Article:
Examples: Not a bad idea, Not many, It isnt very serious. I have this tiny little tumor on the brain (Salinger, Catcher in the Rye). Apostrophe A figure of speech that directly addresses an absent or imaginary person or a personified abstraction, such as liberty or love. It is an address to someone or something that cannot answer. The effect may add familiarity or emotional intensity.

William Wordsworth addresses John Milton as he writes, Milton, thou shouldst be living at this hour: / England hath need of thee. Another example is Keats Ode to a Grecian Urn, in which Keats addresses the urn itself: Thou still unravished bride of quietness. Many apostrophes imply a personification of the object addressed. Irony The contrast between what is stated explicitly and what is really

meant, or the difference between what appears to be and what is actually true. Irony is often used to create poignancy or humor. In general, there are three major types of irony used in language: (1) verbal irony when the words literally state the opposite of the writers (or speakers) meaning (2) situational irony when events turn out the opposite of what was expected; when what the

characters and readers think ought to happen is not what does happen (3) dramatic irony when facts or events are unknown to a character in a play or piece of fiction but known to the reader, audience, or other characters in the work. Allusion Allusion is a brief and indirect reference to a person, place, thing or idea of historical, cultural, literary or political significance. It does not describe

in detail the person or thing to which it refers. It is just a passing comment and the writer expects the reader to possess enough knowledge to spot the allusion and grasp its importance in a text. The rise in poverty will unlock the Pandoras box of crimes. This is an allusion to one of Greek Mythologys origin myth, Pandoras box. This place is like a Garden of Eden. This is a biblical allusion to the garden of God in the Book of Genesis. Paradox

A statement that appears to be selfcontradictory or opposed to common sense but upon closer inspection contains some degree of truth or validity. Think of the beginning of Dickens Tale of Two Cities: It was the best of times, it was the worst of times.... Oxymoron From the Greek for pointedly foolish, an oxymoron is a figure of speech wherein the author

groups apparently contradictory terms to suggest a paradox. Simple examples include jumbo shrimp and cruel kindness. Government intelligence Euphemism From the Greek for good speech, euphemisms are a more agreeable or less offensive substitute for a generally unpleasant word or concept. The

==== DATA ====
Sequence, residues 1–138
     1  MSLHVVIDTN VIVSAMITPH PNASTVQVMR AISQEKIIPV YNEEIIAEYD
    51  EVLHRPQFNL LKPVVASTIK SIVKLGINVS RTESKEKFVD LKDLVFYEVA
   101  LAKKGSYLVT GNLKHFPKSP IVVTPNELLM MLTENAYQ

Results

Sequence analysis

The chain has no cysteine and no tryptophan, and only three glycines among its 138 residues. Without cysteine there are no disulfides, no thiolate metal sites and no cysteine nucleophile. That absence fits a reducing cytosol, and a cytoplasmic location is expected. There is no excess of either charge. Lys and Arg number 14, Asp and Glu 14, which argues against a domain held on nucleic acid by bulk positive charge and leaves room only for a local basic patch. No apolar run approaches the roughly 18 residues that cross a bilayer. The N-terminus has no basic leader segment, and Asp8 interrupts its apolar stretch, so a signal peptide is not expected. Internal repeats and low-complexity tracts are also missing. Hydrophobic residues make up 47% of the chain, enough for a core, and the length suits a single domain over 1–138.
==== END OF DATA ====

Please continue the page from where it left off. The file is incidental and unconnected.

euphemism may be used to adhere to standards of social or political correctness or to add humor or ironic understatement. Saying earthly remains rather than corpse is an example of euphemism. Synesthesia When one kind of sensory stimulus evokes the subjective experience of another. Ex: The sight of red ants makes you itchy.

In literature, synesthesia refers to the practice of associating two or more different senses in the same image. Red Hot Chili Peppers song title, Taste the Pain, is an example. Kandinsky and Synethesia Conceit A fanciful expression, usually in the form of an extended metaphor or surprising analogy between seemingly dissimilar objects. A

conceit displays intellectual cleverness as a result of the unusual comparison being made. Oh stay! three lives in one flea spare Where we almost, yea more than married are. This flea is you and I, and this Our marriage-bed and marriage-temple is Pun A play on words in which a humorous effect is produced by using a word that suggests two or more meanings or by

exploiting similar sounding words having different meanings. Humorous effects created by puns depend upon the ambiguities words entail. The ambiguities arise mostly in homophones and homonyms. A happy life depends on a liver, liver can refer to the organ liver or simply the person who lives. Atheism is a non-prophet institution the word prophet is used instead of profit to produce a humorous effect. Sound Devices

(Figurative Language) Alliteration The repetition of sounds, especially initial consonant sounds in two or more neighboring words (as in she sells sea shells). Although the term is not frequently in the multiple choice section, you can look for alliteration in any essay passage. The repetition can reinforce meaning, unify ideas, supply a musical sound, and/or echo the sense of the

passage. Onomatopoeia A figure of speech in which natural sounds are imitated in the sounds of words. Simple examples include such words as buzz, hiss, hum, crack, whinny, and murmur. If you note examples of onomatopoeia in an essay passage, note the effect.

Assonance Assonance takes place when two or more words close to one another repeat the same vowel sound but start with different consonant sounds. For instance, Men sell the wedding bells. The same vowel sound of the short vowel -e- repeats itself in almost all the words excluding the definite article. The words do share the same vowel sounds but start with different consonant sounds unlike alliteration that involves repetition of the same consonant

sounds. Consonance Consonance refers to repetitive sounds produced by consonants within a sentence or phrase. This repetition often takes place in quick succession such as in pitter, patter. It is classified as a literary term used in both poetry as well as prose. For instance, the words chuckle, fickle, and kick are consonant with one and other due to the existence of common interior consonant sounds (/ck/). The literary device of consonance is inherently different from assonance which

involves the repetition of similar vowel sounds within a word, sentence, or phrase. Another distinction to be appreciated is that of between consonance and rhyme. In the case of rhyme, consonant sounds can be present at the beginning, middle, or end of several successive words, rather than merely at the ends of words.